Seesaw’s junior reviewers Chloe and Jackson Davis marvel at the joys of colour in this new exhibition from the Fremantle Arts Centre.
- Reading time • 4 minutesVisual Art
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“Hundreds and Thousands; an immersive kids’ colour adventure”, curated by Glenn Iseger-Pilkington and Emma Buswell ·
Fremantle Arts Centre until 23 January 2022 ·
By junior reviewers Chole Davis, age 6 and Jackson Davis, age 11 ·
We weren’t sure what to expect with this review or even how we were going to review it as it wasn’t a show but an art exhibition using colour mainly, and we hadn’t reviewed one of them before.
They had two types of rooms in this colourful exhibition, large main rooms and smaller colour-based rooms. One of these main rooms was the story room. Here you could make your own flowers and animals with tons of interactive stuff like shadow puppets. The other main room had lots of 3D effects using colour, and some video animations on the small screens.
All the other rooms were based around one colour: green, red, blue or yellow. Most used sound and you could interact with at least one or two of the artworks in some way in each room.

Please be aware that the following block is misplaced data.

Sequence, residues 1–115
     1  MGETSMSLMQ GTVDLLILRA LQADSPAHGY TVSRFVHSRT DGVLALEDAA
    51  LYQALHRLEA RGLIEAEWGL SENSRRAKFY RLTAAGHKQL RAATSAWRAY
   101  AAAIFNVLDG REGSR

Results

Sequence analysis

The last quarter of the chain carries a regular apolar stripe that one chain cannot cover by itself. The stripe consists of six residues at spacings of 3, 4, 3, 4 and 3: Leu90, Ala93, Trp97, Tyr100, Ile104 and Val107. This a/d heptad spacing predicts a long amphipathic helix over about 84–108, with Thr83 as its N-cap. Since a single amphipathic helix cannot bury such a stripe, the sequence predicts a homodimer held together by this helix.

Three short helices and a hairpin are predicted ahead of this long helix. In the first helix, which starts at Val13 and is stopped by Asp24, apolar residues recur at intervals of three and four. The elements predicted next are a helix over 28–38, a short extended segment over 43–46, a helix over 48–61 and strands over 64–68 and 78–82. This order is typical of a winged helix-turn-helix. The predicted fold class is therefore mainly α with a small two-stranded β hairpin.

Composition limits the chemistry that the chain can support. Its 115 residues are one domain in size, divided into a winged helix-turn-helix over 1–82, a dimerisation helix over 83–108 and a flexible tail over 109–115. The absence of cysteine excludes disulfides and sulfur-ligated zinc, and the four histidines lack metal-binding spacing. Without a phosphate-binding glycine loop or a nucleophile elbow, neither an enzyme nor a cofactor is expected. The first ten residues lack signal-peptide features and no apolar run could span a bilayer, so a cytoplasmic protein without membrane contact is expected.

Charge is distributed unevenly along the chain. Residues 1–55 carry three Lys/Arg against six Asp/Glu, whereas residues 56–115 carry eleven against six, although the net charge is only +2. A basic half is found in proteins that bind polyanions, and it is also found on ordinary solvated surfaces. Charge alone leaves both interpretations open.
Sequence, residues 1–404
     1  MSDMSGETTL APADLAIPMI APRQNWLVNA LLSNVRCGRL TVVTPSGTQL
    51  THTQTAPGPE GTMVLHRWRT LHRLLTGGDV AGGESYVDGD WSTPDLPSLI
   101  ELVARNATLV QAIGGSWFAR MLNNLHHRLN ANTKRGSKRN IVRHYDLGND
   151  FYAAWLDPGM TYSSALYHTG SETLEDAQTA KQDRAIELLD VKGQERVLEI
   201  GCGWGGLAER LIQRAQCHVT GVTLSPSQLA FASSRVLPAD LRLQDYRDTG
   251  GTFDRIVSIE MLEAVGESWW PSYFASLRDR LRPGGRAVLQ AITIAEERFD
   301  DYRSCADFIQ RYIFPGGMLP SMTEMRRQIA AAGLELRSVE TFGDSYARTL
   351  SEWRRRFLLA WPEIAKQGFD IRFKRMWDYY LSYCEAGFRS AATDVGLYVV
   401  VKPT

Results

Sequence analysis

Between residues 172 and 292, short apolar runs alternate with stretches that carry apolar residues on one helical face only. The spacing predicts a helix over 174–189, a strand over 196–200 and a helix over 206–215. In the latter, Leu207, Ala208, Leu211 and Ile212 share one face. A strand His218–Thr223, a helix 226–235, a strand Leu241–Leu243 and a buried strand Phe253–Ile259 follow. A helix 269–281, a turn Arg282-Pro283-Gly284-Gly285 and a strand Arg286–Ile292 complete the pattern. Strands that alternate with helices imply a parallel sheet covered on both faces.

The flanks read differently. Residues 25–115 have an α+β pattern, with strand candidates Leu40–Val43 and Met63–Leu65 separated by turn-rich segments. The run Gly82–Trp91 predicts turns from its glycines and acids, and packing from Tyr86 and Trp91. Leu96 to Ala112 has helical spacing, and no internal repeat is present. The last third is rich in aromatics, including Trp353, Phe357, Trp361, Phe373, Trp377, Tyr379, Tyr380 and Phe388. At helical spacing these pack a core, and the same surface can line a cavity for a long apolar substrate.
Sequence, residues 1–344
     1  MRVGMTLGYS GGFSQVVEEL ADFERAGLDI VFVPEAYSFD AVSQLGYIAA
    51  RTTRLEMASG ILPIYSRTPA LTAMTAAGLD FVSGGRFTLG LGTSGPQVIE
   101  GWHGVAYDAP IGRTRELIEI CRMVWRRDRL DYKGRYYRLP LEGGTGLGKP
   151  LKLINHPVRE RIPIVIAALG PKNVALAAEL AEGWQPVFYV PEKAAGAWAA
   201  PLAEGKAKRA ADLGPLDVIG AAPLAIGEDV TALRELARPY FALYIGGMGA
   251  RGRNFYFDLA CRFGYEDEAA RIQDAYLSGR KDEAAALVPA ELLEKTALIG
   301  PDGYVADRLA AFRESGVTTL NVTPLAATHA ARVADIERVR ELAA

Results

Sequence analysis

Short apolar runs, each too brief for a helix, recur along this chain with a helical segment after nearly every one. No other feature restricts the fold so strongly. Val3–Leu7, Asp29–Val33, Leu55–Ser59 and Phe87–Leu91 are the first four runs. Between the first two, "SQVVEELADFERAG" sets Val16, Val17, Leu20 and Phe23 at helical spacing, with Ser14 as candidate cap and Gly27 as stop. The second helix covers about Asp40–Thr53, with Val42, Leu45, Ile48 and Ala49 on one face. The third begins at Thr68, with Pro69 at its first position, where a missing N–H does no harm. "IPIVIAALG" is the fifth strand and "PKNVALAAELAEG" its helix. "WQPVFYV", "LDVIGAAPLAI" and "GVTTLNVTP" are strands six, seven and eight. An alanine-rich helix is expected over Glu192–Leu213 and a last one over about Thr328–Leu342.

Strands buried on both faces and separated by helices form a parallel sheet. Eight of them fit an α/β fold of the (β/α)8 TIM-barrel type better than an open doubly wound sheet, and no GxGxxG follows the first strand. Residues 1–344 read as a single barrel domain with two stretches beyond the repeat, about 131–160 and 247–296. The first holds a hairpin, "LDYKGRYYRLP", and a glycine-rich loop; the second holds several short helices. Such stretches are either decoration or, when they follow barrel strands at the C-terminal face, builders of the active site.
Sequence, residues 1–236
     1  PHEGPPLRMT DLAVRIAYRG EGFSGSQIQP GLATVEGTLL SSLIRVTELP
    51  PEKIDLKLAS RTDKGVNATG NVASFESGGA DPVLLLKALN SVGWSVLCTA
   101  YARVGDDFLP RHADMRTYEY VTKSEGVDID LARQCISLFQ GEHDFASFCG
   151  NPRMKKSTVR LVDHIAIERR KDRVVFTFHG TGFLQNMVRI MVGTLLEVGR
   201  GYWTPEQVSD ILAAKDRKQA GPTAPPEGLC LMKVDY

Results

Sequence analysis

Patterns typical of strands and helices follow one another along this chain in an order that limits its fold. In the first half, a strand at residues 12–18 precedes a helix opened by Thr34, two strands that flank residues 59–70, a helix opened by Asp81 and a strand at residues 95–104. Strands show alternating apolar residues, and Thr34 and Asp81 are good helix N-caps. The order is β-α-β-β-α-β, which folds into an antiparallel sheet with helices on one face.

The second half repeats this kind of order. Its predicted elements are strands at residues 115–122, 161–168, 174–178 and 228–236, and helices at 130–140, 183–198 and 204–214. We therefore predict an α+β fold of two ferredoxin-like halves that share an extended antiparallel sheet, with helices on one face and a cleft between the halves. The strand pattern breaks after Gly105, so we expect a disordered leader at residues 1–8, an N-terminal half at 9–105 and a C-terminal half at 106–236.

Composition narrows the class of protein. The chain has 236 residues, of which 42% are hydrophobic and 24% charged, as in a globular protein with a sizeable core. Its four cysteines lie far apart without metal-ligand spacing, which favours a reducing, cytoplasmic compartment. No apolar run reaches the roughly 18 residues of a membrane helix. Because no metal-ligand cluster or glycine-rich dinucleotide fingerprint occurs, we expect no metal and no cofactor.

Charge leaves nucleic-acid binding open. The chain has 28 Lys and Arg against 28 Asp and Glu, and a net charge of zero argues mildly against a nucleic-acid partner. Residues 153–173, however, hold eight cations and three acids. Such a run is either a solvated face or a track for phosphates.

In the green room, there was a lot of natural leaf and tree art, with wind sounds playing in the background. In blue there was a projector screen which tracks your hand and arm movements to create cool effects with light, like fireworks.
In the red room, artwork is projected onto the wall and floor, you are able to stand up against the wall and the artwork washes over you. If you are wearing white, like Chloe was, you almost disappear into the projection, it was very cool.
In yellow there was a long roll of paper where everyone could add their own drawings to create a huge mural.
Our favourite room was the story room, where all the interactive things were. Though the red room where Chloe got lost against the wall was the next best for us.
We would completely recommend for other kids to go and see this exhibition, we had a blast and it didn’t feel like we were there for an hour, it felt like 10mins!
Pictured top: Kate Rohde, ‘Ornament Crimes’, 2015 mixed media dimensions variable, exhibited at the National Gallery of Victoria in the Rigg Desig
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